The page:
An Australian doctor who joined the Islamic State (Isis) terror group in Syria was increasingly frustrated about the group's treatment of animals and refusal to donate to orphans.
The revelations are contained in the diary that Tareq Kamleh – later dubbed as "Dr. Jihad" – reportedly kept as he lived in Raqqa, recently retaken from Isis by Syrian forces and a US-led coalition.
The 31-year-old pediatrician from Perth, capital of Western Australia, often appeared in Isis propaganda videos, urging fellow Muslims to take up arms and join the group.
In spite of his repeated claims he was happy he had joined the group, the man often complained about life under Isis, according to Macer Gifford, who recovered the diary.
Gifford, a British former currency trader who fought against Isis with a Kurdish militia group, told Fairfax Media he found the diary and other possessions believed to belong to the doctor in a house where he spent one night as Raqqa was under siege last month.
"I don't think he was a particularly happy character ... He didn't seem to be getting on with people there very much," Gifford said.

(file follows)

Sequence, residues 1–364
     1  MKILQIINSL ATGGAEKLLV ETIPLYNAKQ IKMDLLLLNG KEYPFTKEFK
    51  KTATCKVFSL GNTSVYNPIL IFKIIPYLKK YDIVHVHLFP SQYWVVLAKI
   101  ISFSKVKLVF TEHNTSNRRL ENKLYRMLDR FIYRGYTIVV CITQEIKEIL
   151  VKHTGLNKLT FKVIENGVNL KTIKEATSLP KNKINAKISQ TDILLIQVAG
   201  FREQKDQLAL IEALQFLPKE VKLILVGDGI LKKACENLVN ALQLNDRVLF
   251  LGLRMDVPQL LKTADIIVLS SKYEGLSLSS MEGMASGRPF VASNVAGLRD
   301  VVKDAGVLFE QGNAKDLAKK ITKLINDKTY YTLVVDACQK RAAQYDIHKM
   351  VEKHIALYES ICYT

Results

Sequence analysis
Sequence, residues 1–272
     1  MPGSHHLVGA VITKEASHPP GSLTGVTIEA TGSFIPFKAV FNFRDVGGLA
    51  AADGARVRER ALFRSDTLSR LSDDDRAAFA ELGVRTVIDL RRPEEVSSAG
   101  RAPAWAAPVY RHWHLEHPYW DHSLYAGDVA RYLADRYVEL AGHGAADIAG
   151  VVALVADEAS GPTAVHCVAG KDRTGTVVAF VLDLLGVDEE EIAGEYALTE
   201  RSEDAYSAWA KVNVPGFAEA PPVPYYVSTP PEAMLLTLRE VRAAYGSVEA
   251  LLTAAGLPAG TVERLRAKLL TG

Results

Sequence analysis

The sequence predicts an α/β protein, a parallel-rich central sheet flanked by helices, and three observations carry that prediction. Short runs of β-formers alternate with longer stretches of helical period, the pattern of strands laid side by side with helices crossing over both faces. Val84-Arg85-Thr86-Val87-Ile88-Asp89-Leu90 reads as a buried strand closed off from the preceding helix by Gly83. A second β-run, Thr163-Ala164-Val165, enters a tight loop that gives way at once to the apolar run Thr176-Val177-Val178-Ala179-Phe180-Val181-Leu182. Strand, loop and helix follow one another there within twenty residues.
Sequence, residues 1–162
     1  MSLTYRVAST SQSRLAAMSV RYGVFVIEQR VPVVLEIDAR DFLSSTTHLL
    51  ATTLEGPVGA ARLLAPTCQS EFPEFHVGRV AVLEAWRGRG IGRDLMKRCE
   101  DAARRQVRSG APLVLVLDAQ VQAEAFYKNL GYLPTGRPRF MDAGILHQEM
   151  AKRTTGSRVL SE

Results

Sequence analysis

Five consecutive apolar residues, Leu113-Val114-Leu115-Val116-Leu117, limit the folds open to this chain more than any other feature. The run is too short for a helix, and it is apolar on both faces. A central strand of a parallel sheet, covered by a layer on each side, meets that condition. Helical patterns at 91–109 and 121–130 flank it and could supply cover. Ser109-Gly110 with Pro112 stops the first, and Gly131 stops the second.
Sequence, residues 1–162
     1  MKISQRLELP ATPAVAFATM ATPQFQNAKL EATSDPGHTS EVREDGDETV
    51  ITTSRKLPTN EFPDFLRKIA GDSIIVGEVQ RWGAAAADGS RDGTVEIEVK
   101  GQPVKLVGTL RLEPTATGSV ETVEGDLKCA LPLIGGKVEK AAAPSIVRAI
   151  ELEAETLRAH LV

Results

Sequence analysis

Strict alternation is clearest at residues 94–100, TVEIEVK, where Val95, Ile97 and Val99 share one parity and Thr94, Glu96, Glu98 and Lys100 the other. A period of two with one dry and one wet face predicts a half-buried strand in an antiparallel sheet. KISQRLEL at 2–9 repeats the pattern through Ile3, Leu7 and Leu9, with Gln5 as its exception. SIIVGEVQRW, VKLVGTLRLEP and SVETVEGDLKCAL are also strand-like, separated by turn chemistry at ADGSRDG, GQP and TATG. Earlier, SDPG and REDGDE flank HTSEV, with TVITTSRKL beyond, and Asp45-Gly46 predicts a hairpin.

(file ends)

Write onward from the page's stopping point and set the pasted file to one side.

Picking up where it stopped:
Describing the doctor as an "American Psycho-type man", Gifford continued: "Of all the things that Isis has done, brutally murdered people and blown up homes, here was a guy who, it seemed, had had half his brain removed. Half of it was dedicated ... but his sense of empathy, right and wrong, was way off.
"He even complained about other jihadis ... being cruel to animals around him and said it didn't give him much hope for the future of the caliphate because the level of cruelty towards animals – hitting dogs and so on – that he saw in the society made him upset."
Kamleh's whereabouts are not clear. The man was known in Australia for being a charming but manipulative man, and a womaniser.
Former colleagues described him as a man who had no interest in Isis and enjoyed drinking alcohol and the company of women.
Gilford also explained that Kamleh had become involved with a local orphanage and was frustrated as fellow Isis militants did not want to give donations to the institution.
"He didn't like the way he was getting no support, he didn't like the way people weren't giving any money. His exact words were, 'I despair for the future of the caliphate.'"
Gilford, who handed over the diary to Kurdish militants, said Kamleh was obsessed with his health and kept a record of his workouts.
"Just a neat, intelligent but slightly psychopathic character is what came across in his possessions," he said.
Australia's Foreign Affairs Minister, Julie Bishop said the government was "not aware of any Australians who have recently surrendered or have been captured in Iraq or Syria", according to The Age.